Psychiatrist and author Daniel Siegel describes the brain as a complex nonlinear system that exists within a larger complex nonlinear system consisting of it and other brains. In other words, it makes no sense to think about a brain in isolation. We are, quite literally, wired by nature to be in intimate connection with one another.
Aware of this biological reality, it’s clear we need an alternative to our current ways. Our me-first habits are thoroughly anti-relational. They encourage and reward dominating and manipulative behaviors – as well as envy, greed, score keeping, and judgment.
Equally, they minimize and suppress more vulnerable emotions that, while more intimate, might be perceived as weak: Uncertainty, vulnerability, confusion, and so on. With all that, our ability to create and sustain the essential nourishment that intimate contact provides is sharply diminished.
Small wonder that we suffer from an epidemic of emotional disorders – depression, anxiety, and addictive behaviors such as drugs and alcohol, sex, workaholism – as well as a pandemic of what I refer to as a vague, generalized sense of “dis-ease” in life.
Radical Decency is the solution to this unhealthy state of affairs in our society. When “decency” is “radically” embraced, this debilitating pattern of emotional isolation is replaced with new ways of living that allow intimate contact to flower and grow.
Here’s how the process works
When we make decency our priority, our life goal shifts from some ill-defined, future goal – how to be successful and rich, or happy and fulfilled – to the intensely practical day-by-day, moment-by-moment task of being decent in every area of our lives. And, with this shift in focus, good things start to happen.
Why? Because we quickly learn that to make more decent, here-and-now choices, we need to deeply understand other people’s motives and ours as well. Radical Decency requires unwavering attention to the many small moments that challenge us to balance decency to ourselves, others and the world. Consider, for example, these dilemmas:
- Should I spend Tuesday morning at mom’s nursing home despite the relentless demands of my work? How about next Tuesday morning? And the next?
- When a quarrelsome and unpleasant co-worker makes a mistake, do I say something or remain silent and uninvolved?
- Are a sufficient amount of my resources invested in my communities?
- Am I taking enough time for the things that really nourish me?
In the mainstream culture, the standard way of dealing with these sorts of issues is to either: (1) ignore them; (2) “solve” them by going to one extreme or the other (self-absorbed obliviousness or self-abnegating sacrifice); or (3) latch onto some convenient excuse to explain them away (“quality time makes up for more regular attention to my kids;” or “taxes take care of my contribution to society”).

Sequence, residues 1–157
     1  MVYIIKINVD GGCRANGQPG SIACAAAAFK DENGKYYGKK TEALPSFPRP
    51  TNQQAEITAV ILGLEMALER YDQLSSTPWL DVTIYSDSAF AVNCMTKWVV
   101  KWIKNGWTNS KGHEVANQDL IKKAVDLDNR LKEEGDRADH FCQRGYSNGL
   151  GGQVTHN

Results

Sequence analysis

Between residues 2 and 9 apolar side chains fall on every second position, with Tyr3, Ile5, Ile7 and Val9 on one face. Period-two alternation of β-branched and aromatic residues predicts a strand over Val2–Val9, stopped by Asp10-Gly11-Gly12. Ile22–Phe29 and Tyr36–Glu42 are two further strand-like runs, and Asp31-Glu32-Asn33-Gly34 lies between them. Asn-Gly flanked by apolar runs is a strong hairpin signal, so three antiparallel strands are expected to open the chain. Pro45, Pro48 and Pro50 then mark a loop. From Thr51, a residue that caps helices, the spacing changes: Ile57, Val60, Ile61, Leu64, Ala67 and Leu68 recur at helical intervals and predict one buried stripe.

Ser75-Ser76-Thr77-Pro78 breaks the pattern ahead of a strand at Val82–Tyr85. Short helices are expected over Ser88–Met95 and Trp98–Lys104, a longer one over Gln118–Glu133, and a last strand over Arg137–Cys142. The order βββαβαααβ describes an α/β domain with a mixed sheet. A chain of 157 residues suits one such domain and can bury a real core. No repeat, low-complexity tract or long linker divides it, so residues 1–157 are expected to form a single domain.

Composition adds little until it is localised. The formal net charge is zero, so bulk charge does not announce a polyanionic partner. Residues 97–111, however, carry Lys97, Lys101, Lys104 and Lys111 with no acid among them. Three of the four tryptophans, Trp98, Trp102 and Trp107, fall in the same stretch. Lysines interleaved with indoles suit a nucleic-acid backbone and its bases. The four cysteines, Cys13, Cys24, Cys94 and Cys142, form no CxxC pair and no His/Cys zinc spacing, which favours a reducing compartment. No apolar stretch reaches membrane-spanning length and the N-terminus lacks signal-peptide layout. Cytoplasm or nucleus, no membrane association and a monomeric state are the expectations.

Radical Decency, by contrast, challenges us to notice and fully address these sorts of issues. Doing so, we grow important, life-nourishing relational skills:
Living in the present – a natural extension of our here-and-now focus that leads to less shame, guilt, and remorse about the past and less fear and anxiety about the future.
Appreciation, empathy, and acceptance for oneself and others, which leads to less judgment, jealousy, greed, and need to control, while experiencing more warmth and joy within ourselves and in the company of others.
Clarity and coherence about our priorities and choices, which leads to less confusion and anxiety, and an increased sense of ease and well-being.
A spirit-affirming sense of purpose, which leads to less, “is that all there is” hopelessness and a growing sense of vibrancy, aliveness, and pleasure in living.
To me, these are the elements of a good and satisfying life. While Radical Decency is simply the right thing to do, the really exciting news is that it’s also its own reward.
Written by: By Jeff Garson
Jeff Garson is author of Radical Decency: A Values-Based Approach to a Better Life and World. A corporate attorney for 25 years, Jeff left the law profession in 2000 and then founded a multi-disciplinary healing center, as well as the Decency Foundation, which is dedicated to bringing Radical Decency to business. Jeff’s experience as a community activist is equally rich and varied, including leadership in the fight against police brutality in Philadelphia, and co-founding the National Constitution Center. In his second career as a psychotherapist, he has supported many clients who struggled to find their way in a world that relentlessly pushes them to compete and win – and to remorselessly judge themselves when they fall short.
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